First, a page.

Fortunately for me, Jack Rice from Oregon on the LCML contacted me and offered to build me custom "Battleship Steering Linkage". These rods are 1-1/8' O.D. with ¼" wall thickness. The ends are secured by ½" thick jam nuts, after the wheel alignment is set. All of this was done for WAY less than the price of the taps.

The only other real hang-up was in connecting the flexible brake hoses between the L/C axle housing and the mini truck backing plates. The mini truck brake hoses needed to be modified to attach to the bracket on the L/C axle housing. I used a Dremel® type tool to machine the bottom half of the split hex-type flange to fit the round hole in the bracket. It looks like factory !

I used a band saw to cut the boomerang portion from the left mini truck steering arm. I also found a tool at Auto Zone that worked very well at disassembling the steering linkage. It's called a pulley puller, and if you plan to re-use the linkage end pieces, this tool won't tear up the rubber boots like a pickle fork type tool will.

All the mini truck parts were painted before the L/C teardown began.

I was not able to use the "pipe method" to separate the short side axles from the birfields. I had to drive the birfields off with a VBFH and LARGE drift while holding the axles pointing downward in a vice. Be sure to place the LARGE drift against the flat spots of the inner race and between the hammer. Do not strike the birfields anywhere but the flats on the inner race. Like I said before, I don't like to use hammers unless absolutely necessary. But when it is necessary, be sure to use a big enough one. For this job I used an eight-pound sledge.

I came up with a good idea to assist when re-assembling the axle halves. They are held together by snap rings that must be compressed to slide the halves together. I used a "zip strip" tie to compress the snap ring. After the birfield pushes the zip tie down and is itself compressing the snap ring, the zip tie can be cut off. Bill Jackson has a clip compressor recipe on his web page:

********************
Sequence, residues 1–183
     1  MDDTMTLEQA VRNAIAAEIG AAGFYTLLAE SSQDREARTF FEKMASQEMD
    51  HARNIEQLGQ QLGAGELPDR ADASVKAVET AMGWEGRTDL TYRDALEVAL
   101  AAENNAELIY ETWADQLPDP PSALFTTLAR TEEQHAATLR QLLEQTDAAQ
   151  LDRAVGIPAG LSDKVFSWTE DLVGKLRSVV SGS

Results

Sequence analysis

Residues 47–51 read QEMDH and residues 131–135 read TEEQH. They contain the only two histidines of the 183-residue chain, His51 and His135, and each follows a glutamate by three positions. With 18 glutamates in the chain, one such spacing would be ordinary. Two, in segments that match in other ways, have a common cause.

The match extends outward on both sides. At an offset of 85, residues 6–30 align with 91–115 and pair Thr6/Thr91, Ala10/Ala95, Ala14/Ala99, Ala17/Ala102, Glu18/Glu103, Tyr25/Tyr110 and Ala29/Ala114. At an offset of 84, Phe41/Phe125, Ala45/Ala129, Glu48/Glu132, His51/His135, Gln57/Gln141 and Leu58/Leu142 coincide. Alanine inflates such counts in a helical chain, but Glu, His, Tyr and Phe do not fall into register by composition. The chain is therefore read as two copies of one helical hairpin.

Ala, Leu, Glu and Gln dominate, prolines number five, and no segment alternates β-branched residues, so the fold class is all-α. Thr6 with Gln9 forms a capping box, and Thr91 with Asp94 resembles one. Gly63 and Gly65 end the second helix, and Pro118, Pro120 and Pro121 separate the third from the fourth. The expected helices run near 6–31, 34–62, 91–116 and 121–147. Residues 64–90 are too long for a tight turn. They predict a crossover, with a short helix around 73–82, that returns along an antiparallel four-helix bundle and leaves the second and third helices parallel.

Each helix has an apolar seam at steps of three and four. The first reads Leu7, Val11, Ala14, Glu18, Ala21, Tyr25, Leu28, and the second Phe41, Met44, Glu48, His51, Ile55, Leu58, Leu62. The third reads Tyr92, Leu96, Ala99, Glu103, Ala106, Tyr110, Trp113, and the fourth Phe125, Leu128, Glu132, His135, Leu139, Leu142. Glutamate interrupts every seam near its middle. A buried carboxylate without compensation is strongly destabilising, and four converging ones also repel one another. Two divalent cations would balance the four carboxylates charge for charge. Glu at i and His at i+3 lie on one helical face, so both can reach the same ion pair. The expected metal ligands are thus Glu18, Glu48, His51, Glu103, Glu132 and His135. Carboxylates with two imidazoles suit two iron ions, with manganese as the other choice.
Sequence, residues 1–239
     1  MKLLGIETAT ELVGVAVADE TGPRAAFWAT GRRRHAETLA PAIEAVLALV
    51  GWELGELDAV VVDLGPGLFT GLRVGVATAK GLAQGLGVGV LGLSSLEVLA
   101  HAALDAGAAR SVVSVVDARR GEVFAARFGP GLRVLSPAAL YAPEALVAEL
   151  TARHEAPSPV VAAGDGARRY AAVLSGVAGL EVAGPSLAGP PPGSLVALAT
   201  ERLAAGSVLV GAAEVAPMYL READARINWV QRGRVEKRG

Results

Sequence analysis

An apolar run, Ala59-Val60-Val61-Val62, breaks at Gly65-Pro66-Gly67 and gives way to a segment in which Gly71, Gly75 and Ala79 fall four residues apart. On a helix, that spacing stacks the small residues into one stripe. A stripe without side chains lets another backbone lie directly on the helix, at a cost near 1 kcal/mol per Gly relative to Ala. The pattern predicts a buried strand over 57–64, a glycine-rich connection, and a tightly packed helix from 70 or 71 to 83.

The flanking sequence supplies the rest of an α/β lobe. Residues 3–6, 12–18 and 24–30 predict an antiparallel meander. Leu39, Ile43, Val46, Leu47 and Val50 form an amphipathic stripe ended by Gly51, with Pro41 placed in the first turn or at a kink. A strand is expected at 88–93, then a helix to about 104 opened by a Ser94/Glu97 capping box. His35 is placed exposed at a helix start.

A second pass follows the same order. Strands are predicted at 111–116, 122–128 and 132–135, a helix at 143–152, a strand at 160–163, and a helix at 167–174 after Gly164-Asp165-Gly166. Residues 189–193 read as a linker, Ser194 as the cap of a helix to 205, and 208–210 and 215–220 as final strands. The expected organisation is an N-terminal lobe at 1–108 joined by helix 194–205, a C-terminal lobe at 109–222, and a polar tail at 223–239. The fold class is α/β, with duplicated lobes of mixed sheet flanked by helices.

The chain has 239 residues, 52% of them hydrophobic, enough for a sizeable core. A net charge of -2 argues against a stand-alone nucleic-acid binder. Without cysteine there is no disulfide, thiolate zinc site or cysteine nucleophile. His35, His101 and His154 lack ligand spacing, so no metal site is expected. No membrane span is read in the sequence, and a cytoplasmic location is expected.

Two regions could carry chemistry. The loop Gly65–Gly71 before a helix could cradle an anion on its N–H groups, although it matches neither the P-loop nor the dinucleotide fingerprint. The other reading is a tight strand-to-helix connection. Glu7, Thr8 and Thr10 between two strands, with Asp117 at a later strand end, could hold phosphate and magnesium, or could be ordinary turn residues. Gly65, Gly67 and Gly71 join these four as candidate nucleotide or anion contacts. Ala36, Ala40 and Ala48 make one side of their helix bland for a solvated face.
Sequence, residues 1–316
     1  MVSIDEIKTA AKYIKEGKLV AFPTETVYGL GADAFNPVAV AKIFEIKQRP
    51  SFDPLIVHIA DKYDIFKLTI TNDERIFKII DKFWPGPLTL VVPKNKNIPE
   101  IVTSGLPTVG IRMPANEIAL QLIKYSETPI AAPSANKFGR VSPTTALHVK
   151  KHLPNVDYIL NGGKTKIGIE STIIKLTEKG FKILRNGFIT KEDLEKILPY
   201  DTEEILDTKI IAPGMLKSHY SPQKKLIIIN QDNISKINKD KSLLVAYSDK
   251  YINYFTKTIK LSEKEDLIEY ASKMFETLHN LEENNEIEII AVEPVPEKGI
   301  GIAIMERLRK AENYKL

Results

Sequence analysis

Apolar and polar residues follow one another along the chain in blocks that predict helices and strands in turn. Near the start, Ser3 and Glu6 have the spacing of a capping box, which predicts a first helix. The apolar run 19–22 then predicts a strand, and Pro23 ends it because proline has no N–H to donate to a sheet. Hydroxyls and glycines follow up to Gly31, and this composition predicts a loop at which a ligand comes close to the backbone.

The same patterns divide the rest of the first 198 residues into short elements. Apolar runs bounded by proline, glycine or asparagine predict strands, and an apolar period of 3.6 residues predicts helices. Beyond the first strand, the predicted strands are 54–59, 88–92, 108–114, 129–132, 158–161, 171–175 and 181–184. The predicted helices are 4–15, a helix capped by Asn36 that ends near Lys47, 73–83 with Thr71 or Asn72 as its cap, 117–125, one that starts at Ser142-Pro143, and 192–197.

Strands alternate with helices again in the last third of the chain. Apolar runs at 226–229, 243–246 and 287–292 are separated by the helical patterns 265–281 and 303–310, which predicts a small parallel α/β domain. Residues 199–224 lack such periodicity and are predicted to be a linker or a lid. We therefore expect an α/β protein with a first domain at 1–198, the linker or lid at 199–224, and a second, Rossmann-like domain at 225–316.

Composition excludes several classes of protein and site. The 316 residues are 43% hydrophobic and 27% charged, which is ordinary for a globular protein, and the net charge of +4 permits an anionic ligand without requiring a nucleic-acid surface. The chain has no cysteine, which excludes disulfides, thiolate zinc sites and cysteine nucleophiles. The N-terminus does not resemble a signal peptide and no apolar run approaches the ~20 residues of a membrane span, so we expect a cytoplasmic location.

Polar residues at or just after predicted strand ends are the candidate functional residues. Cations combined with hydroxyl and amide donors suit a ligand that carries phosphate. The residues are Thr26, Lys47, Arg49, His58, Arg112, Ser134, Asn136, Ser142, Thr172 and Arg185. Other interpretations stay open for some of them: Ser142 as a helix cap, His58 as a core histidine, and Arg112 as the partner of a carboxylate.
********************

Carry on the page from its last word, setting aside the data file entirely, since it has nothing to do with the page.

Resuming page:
I also installed the axles before torquing the kingpin nuts, as the torquing can compress the housing to the point that the flats on the birfield don't fit the same as they did when you initially machined them out.

Cost Breakdown

Mini truck donor parts $200.00-$350.00
New vented rotors $120.00
Rebuilt calipers with pads $90.00
Knuckle rebuild kit $125.00
Battleship Steering Linkage $125.00
New tie rod & drag link ends $80.00

Total cost after incidentals is very close to $800.00

I purchased a disc conversion parts set from T.A.P. Recycling in Sacramento. They charged $350.00 but they substituted IFS calipers at no extra cost. Be sure to get the flexible brake hoses and the hard lines from the body attachment points to the calipers. If you buy a complete mini truck front end and want to upgrade to vented rotors, just buy the IFS calipers rebuilt and turn in the straight axle calipers as cores. In this case you may have to get caliper attachment bolts for the IFS calipers, I think they may be a little longer than the bolts for the solid rotor calipers.

Addendum: I saw the knuckle rebuild kit for $110.00 at www.allprooffroad.com

Posted January 8, 2002